Waves of change are something marketers are accustomed to. We welcome them, even, timing our entries and exits to favorable market conditions. But when a powerful swell comes roaring in from the horizon before we're ready, marketers can be overwhelmed by the force and turbulence of the change.

In 2020, several tidal waves disrupted traditional marketing. Luckily, we've never been so well prepared and equipped to handle such chaos. Marketers today are the change agents in business organizations: driving digital transformation and innovation, breaking down silos, and leading success in the digital economy.

And, as a result of changing buyer behaviors and the consumerization of IT, marketing is more critical than ever.

So how can we successfully ride new waves of change without crashing down in a gnarly wipeout? The answer comes down to two mindsets and one skillset: confidence, curiosity, and competence. The 3Cs.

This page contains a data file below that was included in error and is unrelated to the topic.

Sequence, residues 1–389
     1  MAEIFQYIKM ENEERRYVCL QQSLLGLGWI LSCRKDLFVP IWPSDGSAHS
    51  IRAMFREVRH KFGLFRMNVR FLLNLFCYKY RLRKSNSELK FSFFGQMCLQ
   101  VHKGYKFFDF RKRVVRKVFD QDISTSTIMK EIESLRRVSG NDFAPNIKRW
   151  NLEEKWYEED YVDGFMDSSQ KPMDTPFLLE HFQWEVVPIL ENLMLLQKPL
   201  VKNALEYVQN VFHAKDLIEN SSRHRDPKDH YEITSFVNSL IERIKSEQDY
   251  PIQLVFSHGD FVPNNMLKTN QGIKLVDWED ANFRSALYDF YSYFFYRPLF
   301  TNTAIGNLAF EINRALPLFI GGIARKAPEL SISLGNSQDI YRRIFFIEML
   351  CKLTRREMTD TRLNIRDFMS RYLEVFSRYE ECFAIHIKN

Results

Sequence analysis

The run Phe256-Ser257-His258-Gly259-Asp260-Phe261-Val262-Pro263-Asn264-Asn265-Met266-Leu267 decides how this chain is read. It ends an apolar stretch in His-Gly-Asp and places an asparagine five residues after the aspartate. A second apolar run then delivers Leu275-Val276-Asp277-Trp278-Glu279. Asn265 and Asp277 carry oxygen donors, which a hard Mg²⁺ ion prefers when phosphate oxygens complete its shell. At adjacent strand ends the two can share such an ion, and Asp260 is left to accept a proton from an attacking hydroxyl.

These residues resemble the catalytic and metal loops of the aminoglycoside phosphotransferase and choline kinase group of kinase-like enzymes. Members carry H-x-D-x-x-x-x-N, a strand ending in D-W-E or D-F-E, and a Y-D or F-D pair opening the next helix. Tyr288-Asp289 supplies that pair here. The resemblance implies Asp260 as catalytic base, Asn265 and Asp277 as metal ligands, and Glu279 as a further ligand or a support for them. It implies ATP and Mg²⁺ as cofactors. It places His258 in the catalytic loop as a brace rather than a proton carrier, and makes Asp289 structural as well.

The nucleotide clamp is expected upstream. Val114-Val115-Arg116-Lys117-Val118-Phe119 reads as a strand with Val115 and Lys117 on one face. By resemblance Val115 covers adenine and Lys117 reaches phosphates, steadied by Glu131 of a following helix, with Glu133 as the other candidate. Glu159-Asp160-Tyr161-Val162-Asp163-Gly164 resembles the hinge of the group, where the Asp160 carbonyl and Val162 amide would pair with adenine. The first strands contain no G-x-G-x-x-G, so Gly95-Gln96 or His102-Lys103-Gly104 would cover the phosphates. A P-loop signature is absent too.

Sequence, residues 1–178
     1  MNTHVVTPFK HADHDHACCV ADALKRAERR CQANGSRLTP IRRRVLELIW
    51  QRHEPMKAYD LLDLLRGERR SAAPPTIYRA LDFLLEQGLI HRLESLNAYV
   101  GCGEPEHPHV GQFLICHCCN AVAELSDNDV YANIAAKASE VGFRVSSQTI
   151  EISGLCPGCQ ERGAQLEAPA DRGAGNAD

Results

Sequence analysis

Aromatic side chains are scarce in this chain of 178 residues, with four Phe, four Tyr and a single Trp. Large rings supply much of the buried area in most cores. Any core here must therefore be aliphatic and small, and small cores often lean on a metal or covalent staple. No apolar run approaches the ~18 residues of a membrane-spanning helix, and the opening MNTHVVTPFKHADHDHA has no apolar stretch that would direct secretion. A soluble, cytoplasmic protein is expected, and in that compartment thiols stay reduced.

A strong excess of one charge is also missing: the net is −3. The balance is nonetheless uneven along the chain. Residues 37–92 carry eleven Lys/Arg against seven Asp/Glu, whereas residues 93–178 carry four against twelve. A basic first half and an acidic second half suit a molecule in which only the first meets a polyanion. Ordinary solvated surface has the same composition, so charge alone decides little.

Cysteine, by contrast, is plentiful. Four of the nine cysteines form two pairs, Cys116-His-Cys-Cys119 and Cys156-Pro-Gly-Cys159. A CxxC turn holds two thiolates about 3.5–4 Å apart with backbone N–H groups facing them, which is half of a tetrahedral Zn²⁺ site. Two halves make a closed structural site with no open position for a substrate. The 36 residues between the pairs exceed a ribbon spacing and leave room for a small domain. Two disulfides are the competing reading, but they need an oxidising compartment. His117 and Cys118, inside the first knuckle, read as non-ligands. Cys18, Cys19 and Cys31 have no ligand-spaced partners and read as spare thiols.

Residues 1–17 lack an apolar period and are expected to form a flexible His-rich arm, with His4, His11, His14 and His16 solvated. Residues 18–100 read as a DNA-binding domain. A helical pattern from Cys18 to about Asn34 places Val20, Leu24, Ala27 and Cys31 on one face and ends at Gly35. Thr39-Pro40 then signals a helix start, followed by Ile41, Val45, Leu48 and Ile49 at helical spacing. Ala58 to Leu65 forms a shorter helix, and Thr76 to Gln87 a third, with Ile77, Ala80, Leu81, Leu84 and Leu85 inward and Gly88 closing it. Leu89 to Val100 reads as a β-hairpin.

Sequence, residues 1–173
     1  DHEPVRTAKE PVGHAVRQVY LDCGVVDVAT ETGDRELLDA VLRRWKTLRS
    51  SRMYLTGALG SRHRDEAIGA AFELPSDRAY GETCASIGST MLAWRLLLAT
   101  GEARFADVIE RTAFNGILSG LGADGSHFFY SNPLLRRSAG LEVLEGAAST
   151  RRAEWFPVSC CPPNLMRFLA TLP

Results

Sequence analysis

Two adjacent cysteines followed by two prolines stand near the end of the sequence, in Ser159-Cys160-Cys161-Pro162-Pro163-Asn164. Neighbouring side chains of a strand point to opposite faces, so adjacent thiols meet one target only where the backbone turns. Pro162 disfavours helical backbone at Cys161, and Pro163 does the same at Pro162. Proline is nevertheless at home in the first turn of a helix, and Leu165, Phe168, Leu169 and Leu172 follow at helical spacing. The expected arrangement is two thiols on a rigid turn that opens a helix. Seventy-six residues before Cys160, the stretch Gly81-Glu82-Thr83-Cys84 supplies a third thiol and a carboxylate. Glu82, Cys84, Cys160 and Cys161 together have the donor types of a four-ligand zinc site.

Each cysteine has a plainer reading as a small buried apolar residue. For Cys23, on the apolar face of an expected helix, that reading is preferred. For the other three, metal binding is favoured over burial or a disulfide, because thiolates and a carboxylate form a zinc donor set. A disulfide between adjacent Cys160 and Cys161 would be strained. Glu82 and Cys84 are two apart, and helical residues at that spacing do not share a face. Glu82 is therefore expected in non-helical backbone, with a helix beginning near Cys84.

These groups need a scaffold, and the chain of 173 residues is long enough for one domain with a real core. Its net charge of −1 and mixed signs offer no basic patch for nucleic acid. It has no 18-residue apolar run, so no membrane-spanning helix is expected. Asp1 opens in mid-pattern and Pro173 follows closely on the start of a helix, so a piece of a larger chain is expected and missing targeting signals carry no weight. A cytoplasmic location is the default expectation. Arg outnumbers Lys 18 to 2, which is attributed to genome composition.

Confidence: Replicate the Silicon Valley swagger, wherever you are

I've spent 25+ years working in the startup and enterprise B2B tech ecosystems in Silicon Valley, giving me the opportunity to ponder the magic formula that makes the valley tick. I found a "holy trinity" that gives Silicon Valley its swagger: money, talent, and culture.

Money fuels growth. Whether it's in mature industries with large addressable markets or emerging opportunities with massive future potential, Silicon Valley is not afraid to put its money where its mouth is. SV startups attracted 44% of the nation's VC funding in 2019—to say nothing of the tens of billions more invested locally by private equity and large technology firms.

Talent is also in great abundance in the valley: An impressive 46% of the Bay area population have a college degree (compared with 28% nationally), and 20% have at least one graduate degree. It takes smart, educated people to win as frequently as valley companies do.